By Admin | October 17, 2003

With roots in ‘70s experimental movies, early Jodorowski, and hardcore German horror, Andy Copp’s “The Mutilation Man” is surreal and often difficult-to-watch. Earth is a blasted wasteland, and the title character wanders the planet, putting on shows of self-mutilation in the hopes of reaching some element of self-discovery about his past as an abused child, particularly the truth about what happened to his mother at the hands of his alcoholic father (played with ferocious intensity by filmmaker Jim (“Deadbeat at Dawn”) Van Bebber).
Completely original, “The Mutilation Man” requires more than one viewing to fully understand the imagery that Copp layers into each scene. Some of the more graphic scenes of Puckett’s “performances” may make the less-experienced viewer turn away from the screen, but the “seen-it-all” horror geek will find it to be a refreshing and unique experience. No tongue-in-cheek winking at the audience, this is a fully realized film, expertly shot and deftly edited.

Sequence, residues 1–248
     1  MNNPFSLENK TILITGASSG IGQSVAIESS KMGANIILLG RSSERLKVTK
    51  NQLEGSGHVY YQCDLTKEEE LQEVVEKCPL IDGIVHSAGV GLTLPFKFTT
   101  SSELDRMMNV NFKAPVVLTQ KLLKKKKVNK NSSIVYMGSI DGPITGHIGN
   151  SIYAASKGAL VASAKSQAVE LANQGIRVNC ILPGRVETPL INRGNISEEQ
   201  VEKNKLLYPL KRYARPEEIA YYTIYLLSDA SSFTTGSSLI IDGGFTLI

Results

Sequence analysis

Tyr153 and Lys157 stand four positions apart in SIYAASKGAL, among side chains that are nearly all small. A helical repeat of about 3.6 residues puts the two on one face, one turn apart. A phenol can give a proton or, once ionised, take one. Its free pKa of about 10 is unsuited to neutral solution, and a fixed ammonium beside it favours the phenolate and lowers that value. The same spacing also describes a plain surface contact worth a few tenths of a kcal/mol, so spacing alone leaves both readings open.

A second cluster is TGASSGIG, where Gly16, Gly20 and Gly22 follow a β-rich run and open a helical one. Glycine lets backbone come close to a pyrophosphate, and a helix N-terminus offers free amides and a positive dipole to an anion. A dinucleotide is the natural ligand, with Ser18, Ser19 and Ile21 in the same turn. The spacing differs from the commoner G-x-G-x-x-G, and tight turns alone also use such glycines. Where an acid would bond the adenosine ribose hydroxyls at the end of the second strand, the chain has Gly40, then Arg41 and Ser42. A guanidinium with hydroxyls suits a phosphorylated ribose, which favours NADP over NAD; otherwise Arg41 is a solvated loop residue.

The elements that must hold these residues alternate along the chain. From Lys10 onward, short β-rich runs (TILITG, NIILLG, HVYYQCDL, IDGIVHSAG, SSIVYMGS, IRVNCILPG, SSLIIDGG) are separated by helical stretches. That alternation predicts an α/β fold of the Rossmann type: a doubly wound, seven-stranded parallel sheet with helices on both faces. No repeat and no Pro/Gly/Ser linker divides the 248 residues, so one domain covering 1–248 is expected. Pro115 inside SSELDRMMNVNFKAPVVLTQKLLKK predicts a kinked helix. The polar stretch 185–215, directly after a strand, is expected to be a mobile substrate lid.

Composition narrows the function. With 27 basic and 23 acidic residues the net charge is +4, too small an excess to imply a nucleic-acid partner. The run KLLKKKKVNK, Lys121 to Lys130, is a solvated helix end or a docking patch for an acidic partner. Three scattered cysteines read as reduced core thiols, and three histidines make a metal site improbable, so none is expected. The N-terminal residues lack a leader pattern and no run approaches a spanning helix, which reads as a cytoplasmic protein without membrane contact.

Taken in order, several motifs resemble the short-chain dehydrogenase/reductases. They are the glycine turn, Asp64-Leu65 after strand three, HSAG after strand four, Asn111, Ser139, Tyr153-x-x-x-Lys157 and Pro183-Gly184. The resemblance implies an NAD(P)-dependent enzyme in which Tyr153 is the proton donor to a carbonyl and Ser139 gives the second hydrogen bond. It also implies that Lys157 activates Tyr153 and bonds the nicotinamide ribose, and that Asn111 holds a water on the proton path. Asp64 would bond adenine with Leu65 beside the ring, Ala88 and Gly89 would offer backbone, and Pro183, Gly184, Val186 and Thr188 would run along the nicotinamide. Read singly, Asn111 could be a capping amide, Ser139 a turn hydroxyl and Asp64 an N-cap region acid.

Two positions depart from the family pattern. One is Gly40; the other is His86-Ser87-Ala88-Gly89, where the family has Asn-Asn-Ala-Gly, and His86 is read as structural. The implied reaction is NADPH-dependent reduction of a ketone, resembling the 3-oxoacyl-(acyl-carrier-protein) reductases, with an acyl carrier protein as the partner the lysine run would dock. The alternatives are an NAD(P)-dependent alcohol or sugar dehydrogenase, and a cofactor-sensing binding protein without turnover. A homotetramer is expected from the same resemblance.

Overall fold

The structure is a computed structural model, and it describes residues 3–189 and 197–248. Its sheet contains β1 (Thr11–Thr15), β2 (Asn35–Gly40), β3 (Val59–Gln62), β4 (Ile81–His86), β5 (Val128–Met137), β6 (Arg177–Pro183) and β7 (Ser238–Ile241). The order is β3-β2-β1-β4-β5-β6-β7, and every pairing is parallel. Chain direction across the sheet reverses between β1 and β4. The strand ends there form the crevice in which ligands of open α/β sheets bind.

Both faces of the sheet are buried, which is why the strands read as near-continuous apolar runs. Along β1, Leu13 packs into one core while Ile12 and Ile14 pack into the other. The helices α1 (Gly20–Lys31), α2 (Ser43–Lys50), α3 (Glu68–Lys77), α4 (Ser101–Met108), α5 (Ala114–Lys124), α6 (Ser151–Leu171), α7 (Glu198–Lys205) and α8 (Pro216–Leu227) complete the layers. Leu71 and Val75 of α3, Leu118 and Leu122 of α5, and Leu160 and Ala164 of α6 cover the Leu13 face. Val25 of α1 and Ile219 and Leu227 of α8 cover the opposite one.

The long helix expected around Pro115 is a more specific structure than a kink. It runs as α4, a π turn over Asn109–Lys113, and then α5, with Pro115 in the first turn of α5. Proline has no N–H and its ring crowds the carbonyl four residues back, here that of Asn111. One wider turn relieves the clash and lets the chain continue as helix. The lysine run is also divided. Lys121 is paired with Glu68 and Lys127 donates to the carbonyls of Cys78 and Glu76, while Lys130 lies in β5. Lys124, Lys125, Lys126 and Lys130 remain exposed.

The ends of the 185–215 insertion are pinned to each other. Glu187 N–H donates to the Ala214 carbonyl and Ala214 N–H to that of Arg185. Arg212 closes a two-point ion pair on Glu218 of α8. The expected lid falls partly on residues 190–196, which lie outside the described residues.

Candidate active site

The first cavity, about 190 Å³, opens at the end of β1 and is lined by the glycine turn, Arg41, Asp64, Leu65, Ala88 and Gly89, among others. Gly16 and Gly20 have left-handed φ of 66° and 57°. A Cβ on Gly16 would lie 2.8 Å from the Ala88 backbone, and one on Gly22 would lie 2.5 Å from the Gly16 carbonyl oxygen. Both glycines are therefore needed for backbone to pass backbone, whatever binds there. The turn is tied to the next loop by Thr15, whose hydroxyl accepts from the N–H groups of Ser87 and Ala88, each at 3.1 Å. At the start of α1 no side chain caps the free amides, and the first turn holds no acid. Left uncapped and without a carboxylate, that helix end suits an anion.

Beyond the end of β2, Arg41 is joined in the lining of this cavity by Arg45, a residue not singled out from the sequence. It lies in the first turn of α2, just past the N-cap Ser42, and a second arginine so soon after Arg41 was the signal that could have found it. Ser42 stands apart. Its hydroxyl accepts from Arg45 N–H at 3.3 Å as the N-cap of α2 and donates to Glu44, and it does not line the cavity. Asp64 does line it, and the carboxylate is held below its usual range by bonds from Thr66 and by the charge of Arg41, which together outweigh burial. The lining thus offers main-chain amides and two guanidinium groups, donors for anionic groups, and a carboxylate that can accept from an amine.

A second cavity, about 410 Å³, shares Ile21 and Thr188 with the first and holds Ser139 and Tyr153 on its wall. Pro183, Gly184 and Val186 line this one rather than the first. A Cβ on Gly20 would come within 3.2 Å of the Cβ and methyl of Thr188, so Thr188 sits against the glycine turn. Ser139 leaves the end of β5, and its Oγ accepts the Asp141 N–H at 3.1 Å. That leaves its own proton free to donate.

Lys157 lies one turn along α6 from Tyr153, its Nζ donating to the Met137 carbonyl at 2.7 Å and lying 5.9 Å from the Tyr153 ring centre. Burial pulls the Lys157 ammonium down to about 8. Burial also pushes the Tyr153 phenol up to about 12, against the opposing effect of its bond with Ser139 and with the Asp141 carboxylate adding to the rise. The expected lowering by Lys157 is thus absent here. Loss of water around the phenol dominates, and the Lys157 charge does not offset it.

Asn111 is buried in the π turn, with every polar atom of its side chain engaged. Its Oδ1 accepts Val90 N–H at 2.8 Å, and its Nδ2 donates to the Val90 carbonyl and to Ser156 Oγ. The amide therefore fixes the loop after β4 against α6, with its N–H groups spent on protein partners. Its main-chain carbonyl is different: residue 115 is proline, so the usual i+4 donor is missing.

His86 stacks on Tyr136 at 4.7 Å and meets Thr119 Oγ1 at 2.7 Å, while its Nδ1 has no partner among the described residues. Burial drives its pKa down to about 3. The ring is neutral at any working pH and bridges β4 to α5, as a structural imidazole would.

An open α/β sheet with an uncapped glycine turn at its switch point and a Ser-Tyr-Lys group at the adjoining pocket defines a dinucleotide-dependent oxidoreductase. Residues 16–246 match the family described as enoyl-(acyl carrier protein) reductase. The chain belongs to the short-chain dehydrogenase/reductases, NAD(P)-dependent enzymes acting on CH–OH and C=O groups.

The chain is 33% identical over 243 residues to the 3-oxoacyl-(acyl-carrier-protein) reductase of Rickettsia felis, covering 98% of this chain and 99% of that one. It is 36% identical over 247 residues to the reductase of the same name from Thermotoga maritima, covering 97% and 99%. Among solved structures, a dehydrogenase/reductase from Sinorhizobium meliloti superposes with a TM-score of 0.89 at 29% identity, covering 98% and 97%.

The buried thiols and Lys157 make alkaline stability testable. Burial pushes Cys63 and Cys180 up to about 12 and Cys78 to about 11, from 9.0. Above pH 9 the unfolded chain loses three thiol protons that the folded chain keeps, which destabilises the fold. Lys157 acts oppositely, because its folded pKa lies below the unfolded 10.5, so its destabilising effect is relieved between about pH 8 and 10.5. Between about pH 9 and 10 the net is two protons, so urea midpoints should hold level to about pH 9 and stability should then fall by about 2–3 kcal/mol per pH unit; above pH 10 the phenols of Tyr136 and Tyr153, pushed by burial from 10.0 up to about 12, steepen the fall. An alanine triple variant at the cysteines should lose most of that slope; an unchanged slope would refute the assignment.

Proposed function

As is normal for Sub Rosa, the disc comes packed with extras, including director’s commentary (which helps to an extent to unravel some of the stranger imagery), a music video, stills gallery (including one of “dark angel” actress Kristie Bowersock), and an odd little short film that Ron must have had lying around waiting for the perfect companion feature.
Highly recommended for the horror fan desperate for something new.

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